While thinking about this factor, those that come from a family with a history with alcoholism do have a higher chance of having a problem with alcohol; therefore they should refrain from drinking socially because it could develop into something more serious a lot faster than it would for someone without a history of alcoholism.
The social factor is also a very dangerous and easy way to develop a drinking problem. As early as in the teen years one can develop a problem with alcohol because of the social factor. Peer pressure drives lots of teens to start drinking in high school. Much like teenagers, adults can also feel pressured to fit in, and what seems innocent, like a drink after work with peers, may turn into a nightmare if it becomes a regular event.
Friends, much like peers, can play a role into helping someone turn into an alcoholic. Most people spend a lot of time with their friends and if that group of friends are always drinking, odds are that an individual will pick up on their friend`s drinking habit. This is a perfect example of how this environment combined with both social and genetic factor can turn someone into an alcoholic. I speculate that single people also tend to drink more than those who are in a relationship, because single people use drinking as a way to make them feel better, and when alcohol is involved in making someone feel better it can usually become a problem.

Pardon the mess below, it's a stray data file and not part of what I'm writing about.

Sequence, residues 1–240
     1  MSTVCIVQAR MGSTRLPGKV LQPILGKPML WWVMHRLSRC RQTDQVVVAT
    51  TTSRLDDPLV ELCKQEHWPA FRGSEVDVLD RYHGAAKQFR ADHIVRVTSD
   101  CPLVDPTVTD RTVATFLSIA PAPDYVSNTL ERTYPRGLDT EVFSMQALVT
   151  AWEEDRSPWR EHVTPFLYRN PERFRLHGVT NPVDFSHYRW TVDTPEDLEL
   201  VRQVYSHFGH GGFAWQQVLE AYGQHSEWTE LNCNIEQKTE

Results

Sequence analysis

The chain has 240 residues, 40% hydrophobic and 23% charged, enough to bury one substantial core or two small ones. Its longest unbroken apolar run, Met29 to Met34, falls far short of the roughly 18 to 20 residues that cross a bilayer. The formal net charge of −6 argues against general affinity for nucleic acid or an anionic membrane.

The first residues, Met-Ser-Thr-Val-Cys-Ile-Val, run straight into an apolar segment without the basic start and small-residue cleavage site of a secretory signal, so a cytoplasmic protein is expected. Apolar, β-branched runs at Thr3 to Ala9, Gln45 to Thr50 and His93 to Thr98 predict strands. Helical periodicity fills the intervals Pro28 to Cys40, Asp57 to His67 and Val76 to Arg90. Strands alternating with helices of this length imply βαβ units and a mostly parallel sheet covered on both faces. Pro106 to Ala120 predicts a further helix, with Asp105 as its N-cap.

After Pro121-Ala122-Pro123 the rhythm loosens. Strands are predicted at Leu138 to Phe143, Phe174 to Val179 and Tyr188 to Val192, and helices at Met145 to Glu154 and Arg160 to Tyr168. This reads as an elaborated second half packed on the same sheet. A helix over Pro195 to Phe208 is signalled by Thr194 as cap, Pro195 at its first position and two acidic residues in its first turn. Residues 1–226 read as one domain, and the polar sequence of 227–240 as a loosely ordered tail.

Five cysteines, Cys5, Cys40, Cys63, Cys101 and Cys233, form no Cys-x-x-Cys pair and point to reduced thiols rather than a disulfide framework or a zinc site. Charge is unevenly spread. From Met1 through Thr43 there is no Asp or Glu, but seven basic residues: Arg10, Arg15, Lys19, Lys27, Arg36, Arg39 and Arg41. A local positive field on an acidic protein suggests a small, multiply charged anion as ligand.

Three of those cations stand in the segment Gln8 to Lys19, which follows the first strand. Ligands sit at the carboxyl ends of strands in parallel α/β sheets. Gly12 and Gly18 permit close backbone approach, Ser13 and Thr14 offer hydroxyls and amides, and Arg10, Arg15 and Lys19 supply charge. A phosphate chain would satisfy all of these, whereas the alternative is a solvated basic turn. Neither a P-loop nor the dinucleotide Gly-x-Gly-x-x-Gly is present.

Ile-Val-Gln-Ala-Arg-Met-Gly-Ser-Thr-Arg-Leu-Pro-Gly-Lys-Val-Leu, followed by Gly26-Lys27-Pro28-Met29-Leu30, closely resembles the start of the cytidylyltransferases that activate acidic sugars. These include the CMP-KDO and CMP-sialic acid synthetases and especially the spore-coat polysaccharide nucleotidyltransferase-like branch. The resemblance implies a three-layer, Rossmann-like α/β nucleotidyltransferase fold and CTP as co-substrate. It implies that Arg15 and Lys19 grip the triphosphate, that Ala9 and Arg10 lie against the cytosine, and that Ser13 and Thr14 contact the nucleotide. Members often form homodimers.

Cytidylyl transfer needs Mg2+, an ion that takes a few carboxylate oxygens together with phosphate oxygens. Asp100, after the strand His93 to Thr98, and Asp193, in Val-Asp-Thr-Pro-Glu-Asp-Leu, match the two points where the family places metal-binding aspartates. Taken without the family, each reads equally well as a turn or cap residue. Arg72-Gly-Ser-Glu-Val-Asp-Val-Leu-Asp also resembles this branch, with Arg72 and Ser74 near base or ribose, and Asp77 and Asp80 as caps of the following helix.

The physiological factor is yet another reason why someone can develop a drinking problem. Watson reports, “[p]hysiologically, alcohol alters the balance of chemicals in the brain. It affects chemicals in the brain’s reward center, such as dopamine”(Watson). This is a problem because the body then develops a habit of how the alcohol makes it feel and this results into a craving for alcohol, which then easily turns someone into an alcoholic (Watson).
Once a person becomes an alcoholic their lives are forever changed and they will never be able to drink socially again. As Vogel point out, “the alcoholic drinks in a special way because he “requires” alcohol”(100). This means that for most people that think that alcoholics drink because it is fun for them or because they drink because they enjoy it, they are wrong.